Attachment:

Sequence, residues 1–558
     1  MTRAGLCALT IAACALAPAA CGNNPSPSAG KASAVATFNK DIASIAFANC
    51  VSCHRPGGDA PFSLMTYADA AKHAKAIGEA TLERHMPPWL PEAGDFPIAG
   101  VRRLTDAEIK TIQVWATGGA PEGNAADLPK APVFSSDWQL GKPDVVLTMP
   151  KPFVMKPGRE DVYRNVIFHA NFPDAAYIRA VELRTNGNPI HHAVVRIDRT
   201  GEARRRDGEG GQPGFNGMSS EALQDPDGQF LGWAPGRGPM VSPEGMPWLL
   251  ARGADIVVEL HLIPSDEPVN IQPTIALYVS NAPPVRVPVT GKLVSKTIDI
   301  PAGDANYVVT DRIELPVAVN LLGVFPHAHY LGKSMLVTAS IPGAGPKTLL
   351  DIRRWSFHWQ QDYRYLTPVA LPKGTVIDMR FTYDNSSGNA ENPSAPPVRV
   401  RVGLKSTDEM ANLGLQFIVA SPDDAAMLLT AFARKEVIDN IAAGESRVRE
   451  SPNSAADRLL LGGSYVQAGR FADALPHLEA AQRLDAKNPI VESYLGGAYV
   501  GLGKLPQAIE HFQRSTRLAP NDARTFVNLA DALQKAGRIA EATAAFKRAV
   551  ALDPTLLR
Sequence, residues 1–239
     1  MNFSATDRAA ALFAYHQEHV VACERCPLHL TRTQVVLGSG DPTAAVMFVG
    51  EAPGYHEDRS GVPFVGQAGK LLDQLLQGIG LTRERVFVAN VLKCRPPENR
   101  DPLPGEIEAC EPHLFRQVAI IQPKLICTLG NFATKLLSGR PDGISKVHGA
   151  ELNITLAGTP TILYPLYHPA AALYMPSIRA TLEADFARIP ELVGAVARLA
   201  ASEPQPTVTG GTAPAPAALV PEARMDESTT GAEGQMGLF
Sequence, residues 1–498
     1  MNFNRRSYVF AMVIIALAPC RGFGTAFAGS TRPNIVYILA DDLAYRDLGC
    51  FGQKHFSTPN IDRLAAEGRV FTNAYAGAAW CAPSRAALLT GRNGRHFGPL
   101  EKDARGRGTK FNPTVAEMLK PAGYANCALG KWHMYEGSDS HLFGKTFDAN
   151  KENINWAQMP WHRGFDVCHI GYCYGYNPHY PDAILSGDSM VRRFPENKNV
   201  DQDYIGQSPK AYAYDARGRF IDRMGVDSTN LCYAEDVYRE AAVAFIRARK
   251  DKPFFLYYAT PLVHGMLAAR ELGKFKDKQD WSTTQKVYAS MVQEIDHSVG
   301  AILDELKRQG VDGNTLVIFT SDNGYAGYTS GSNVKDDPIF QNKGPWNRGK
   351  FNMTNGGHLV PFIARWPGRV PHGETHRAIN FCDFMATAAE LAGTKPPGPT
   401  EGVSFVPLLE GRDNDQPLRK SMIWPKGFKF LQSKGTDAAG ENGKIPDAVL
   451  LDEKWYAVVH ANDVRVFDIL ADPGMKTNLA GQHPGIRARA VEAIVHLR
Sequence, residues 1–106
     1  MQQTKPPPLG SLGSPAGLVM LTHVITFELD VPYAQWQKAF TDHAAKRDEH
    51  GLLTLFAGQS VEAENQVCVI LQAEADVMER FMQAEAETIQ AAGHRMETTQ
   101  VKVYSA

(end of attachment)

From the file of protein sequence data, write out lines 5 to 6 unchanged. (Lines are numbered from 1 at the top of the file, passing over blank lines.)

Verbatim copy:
   151  KPFVMKPGRE DVYRNVIFHA NFPDAAYIRA VELRTNGNPI HHAVVRIDRT
   201  GEARRRDGEG GQPGFNGMSS EALQDPDGQF LGWAPGRGPM VSPEGMPWLL